When we need something quick to pick up, we reach for a hot dog. And in eastern North Carolina, we reach for a Bright Leaf — those red weenies that
When we need something quick to pick up, we reach for a hot dog. And in eastern North Carolina, we reach for a Bright Leaf — those red weenies that come in a one-pound bag with a tobacco leaf on the package.
We fry them for Sunday supper when we’re still full from a big lunch. We buy them in between innings at the Carolina Mudcats baseball games. We sneak one off the grill while we wait for our main course. And, even if we never tell and swear that we don’t, we eat them cold, right out of the fridge.
They don’t take long to fix, and they don’t last long on the shelf. When they leave the Carolina Packers plant in Smithfield, Bright Leaf hot dogs last only 15 to 20 days. Nationwide companies tout their hot dogs as good for 100 days, but preserving a perishable product that long just doesn’t seem right.
“Once we go to the grocery store, the clock’s ticking,” says Kent Denning, Carolina Packers general manager. Bright Leaf hot dogs aren’t vacuum-packed and lack many of the preservatives found in larger brands. The company is small, with about 100 employees, and small companies work in small batches. Carolina Packers is so small that the weather affects its sales. If it rains for several days, business slows because people can’t get outside to grill, Denning says. When area schools are out, business picks up because kids need a quick lunch at home.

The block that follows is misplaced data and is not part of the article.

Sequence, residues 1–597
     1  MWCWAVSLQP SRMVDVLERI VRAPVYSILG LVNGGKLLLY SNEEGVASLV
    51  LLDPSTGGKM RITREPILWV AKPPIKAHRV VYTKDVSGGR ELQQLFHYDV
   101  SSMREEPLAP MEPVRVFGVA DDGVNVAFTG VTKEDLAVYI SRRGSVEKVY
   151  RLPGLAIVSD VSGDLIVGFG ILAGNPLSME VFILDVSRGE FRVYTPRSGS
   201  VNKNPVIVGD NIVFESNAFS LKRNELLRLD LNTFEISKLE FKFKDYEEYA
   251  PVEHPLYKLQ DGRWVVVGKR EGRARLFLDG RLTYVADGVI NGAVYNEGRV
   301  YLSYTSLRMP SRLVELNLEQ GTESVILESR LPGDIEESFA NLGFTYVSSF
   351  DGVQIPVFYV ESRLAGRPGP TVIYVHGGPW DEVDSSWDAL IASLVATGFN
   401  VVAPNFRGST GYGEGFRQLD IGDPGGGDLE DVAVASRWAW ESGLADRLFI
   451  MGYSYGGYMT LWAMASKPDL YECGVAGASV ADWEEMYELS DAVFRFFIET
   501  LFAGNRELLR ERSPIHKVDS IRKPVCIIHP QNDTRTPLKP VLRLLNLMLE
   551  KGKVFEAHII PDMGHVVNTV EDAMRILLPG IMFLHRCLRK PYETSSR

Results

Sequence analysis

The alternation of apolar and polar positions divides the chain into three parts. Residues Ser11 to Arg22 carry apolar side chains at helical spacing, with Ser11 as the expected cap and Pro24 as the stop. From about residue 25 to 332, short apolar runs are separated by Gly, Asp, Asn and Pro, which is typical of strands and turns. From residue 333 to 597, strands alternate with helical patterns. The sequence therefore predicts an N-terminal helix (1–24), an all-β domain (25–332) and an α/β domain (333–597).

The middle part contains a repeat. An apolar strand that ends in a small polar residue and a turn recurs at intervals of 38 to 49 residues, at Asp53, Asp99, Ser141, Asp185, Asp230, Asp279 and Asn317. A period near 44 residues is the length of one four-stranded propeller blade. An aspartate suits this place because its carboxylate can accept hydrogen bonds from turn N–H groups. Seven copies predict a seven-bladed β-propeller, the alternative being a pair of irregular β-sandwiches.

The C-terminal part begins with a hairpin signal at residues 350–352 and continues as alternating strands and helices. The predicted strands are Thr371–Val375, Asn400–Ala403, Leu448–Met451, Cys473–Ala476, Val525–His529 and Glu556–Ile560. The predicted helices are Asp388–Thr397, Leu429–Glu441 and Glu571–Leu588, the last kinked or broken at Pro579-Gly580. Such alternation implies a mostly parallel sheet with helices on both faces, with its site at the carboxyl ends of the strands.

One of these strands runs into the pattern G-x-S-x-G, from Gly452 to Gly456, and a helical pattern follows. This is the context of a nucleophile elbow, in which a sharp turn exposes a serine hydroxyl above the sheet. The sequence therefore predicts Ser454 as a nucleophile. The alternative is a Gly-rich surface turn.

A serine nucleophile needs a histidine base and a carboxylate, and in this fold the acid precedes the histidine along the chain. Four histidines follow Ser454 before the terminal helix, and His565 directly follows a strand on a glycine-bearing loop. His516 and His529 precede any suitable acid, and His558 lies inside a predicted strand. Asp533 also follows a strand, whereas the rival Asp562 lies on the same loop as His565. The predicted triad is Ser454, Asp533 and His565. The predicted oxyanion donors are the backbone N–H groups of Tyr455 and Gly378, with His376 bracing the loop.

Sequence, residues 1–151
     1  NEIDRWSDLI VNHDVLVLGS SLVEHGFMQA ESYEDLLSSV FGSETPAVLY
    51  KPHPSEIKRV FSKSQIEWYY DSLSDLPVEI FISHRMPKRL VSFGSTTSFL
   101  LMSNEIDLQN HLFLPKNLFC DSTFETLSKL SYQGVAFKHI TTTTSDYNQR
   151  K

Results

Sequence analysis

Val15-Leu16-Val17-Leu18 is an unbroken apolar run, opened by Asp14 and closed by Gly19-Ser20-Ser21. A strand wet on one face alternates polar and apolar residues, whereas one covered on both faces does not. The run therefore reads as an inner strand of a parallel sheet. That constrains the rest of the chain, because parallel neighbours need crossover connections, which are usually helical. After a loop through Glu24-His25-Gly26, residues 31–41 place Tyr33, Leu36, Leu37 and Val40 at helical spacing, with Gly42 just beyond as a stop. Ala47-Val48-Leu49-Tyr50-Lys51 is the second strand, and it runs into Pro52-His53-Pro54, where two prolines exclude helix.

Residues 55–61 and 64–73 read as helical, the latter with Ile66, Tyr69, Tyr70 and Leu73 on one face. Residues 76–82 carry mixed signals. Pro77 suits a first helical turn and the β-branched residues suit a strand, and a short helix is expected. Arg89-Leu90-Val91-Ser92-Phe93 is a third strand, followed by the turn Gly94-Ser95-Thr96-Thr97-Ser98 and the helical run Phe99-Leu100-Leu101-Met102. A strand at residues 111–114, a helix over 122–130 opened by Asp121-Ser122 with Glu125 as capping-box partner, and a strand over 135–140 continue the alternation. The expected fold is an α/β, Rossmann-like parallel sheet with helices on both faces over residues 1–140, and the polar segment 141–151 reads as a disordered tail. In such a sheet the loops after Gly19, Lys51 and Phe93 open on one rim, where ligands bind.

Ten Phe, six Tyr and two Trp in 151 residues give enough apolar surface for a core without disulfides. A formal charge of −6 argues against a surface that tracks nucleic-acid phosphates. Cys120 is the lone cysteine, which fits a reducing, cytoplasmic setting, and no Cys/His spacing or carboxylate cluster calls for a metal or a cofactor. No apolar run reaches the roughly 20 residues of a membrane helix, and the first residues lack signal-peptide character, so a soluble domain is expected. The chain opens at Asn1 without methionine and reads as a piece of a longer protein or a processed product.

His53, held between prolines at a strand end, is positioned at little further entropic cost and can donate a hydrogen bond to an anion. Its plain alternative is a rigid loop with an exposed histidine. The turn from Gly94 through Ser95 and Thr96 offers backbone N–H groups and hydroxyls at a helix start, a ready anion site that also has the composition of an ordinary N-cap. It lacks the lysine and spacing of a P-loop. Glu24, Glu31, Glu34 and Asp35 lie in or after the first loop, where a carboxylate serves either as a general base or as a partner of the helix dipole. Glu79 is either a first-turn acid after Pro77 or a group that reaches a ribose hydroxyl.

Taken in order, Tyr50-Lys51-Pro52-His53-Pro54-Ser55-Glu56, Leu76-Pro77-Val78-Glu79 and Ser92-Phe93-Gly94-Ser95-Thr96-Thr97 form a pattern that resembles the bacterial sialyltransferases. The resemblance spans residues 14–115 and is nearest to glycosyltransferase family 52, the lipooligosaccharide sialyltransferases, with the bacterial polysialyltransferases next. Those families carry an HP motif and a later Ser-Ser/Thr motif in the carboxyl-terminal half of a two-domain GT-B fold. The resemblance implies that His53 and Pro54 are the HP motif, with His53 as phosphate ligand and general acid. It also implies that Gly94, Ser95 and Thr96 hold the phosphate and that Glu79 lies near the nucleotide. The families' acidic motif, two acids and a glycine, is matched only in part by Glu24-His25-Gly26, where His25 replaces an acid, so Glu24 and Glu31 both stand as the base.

Denning worked at Carolina Packers as a high school student. Then he went 100 miles south to the University of North Carolina at Wilmington and majored in physical education. But when Carolina Packers offered him the opportunity to return to his hometown company to work his way up in the first business that cut him a paycheck, Denning came back to Smithfield.
Carolina Packers started in 1941 as a way to fill an industrial need in this rural community. The company’s founder, John Jones Sr., built Carolina Packers as a stockyard business where area farmers sold their hogs and cattle. Jones purchased the livestock; slaughtered it; and produced ham, bacon, sausage, and hot dogs.
Although the stockyard closed in 1997, the business — now owned by Jones’s wife, Jean — still serves Smithfield citizens as an employer and a badge of identity. The tobacco leaf that appears on every label for Carolina Packers products represents the history of tobacco farming in Johnston County. When Jones started the business on U.S. Highway 301, residents knew that stretch of road as Brightleaf Boulevard because of the tobacco warehouses lining the street. Tobacco no longer dominates the Johnston County economy, but it never hurts to remember where you come from, so Carolina Packers retains its nickname and logo.
The company delivers its products to a few grocery stores in the central Piedmont but not much farther west. Employees pack personal orders and ship them across the country. They send whatever people want: bologna, sausage, chili. But the most requested item is the Bright Leaf hot dog — the red weenie that eastern North Carolina natives crave.
When people move away from here, they might lose their accent, grow apart from their friends, or even start to call some new place home. But taste is something they keep.
And when they need something quick to pick up — or maybe something familiar to pick them up — they reach for a Bright Leaf hot dog.
Leah Hughes is an associate editor at Our State magazine. Her most recent story was “A Place Called Atlantis” (June 2012).